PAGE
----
“We really base everything around socialization — actually building those one-on-one personal connections and relationships,” Jasmine explains.

More than ‘work hard, play hard’

“For me it’s not about ‘work hard, play hard,’” Jasmine shares. “For me, it’s more about a work-life integration, and how you can use both of those things to best suit your life as a whole.”

‘Work hard, play hard’ encourages “balance” by way of overload — the harder you work, the harder you play. But work-life integration, Jasmine explains, alleviates that pressure by encouraging people to find fulfillment in the way they spend their time.

“Figure out all those things that are important to you and make you who you are,” she encourages. She suggests finding ways to incorporate the things you love into your 5-to-9 life, without the pressure to ‘play hard.’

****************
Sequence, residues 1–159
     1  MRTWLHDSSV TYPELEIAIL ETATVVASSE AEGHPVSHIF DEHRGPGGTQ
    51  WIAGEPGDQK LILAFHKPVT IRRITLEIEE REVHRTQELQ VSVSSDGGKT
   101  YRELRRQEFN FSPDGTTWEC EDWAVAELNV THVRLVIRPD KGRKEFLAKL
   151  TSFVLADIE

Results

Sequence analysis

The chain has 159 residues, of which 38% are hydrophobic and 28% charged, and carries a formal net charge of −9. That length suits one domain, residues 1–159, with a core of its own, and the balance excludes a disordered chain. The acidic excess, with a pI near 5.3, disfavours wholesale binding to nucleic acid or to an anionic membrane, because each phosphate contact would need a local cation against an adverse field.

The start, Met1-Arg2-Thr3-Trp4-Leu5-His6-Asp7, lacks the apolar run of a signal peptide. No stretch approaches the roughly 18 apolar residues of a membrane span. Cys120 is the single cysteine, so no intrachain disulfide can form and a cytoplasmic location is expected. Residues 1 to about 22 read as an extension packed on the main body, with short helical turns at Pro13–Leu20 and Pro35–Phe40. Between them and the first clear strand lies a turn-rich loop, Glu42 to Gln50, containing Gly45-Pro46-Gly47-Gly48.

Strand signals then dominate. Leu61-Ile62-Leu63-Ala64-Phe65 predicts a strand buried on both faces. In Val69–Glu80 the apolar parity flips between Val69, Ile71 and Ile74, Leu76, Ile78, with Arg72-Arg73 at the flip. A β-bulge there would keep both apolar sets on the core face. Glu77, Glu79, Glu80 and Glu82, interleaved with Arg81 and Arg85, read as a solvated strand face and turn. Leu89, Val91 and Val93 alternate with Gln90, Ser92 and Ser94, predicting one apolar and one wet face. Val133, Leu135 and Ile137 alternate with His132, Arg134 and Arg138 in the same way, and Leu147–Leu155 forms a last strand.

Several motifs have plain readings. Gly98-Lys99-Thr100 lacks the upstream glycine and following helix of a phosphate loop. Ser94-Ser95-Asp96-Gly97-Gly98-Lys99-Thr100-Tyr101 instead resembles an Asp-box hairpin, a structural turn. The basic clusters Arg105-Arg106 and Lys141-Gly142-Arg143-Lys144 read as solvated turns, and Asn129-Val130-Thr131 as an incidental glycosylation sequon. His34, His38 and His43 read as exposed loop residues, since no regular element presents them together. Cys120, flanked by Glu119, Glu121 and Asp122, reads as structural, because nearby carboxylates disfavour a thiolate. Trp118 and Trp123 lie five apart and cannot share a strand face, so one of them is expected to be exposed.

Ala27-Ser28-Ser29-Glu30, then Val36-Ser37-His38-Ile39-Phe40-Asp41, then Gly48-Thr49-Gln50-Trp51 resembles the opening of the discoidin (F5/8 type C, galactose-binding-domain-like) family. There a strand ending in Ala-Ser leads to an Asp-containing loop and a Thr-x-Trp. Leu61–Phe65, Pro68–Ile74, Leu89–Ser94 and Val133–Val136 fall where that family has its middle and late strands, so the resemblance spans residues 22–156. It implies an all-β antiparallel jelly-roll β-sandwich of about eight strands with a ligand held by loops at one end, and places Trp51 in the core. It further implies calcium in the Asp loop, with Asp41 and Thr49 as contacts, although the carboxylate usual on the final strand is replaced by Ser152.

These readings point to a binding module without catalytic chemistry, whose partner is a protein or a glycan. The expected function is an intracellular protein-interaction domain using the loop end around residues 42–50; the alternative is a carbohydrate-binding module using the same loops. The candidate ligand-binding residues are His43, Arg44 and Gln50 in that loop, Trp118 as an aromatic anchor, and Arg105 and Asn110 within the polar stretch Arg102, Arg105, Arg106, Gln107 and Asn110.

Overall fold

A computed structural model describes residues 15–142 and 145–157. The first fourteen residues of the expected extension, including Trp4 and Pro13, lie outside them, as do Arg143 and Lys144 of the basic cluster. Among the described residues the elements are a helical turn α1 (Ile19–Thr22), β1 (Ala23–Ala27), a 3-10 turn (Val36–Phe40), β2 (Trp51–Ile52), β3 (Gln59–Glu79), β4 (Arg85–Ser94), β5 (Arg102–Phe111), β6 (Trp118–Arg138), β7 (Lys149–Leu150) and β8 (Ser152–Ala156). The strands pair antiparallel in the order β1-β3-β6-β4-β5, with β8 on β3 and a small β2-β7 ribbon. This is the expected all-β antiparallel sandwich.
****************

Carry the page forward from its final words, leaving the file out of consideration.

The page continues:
“It’s good to have multiple things that you can tap into for fulfillment. For many people, their job is an integral part of who we are, but there are other things that make us who we are, too. And I think it’s just so important to fulfill all those parts of ourselves,” shares Jasmine.

That’s why Five to Nine’s events include NBA games and mentor days, as opposed to traditional networking happy hours.

“We’re really looking to bring together that work-life integration where you can still network, but you can also feel fulfilled, personally.”

Why Five to Nine hates ‘networking’

“At Five to Nine we actually hate the word ‘network’ — just hate it,” Jasmine shares.

In her eyes, traditionally networking feels like a transaction more than a relationship.

“You usually go network when you really want something or you’re trying to meet a certain type of person or you’re trying to insert yourself into a certain environment — trying to get something out of it.” She adds, “I have definitely been to events where people just come up to me or the group I’m in and they just hand out their business cards. I’m like, ‘what’s your name?! Do you even know my name?’”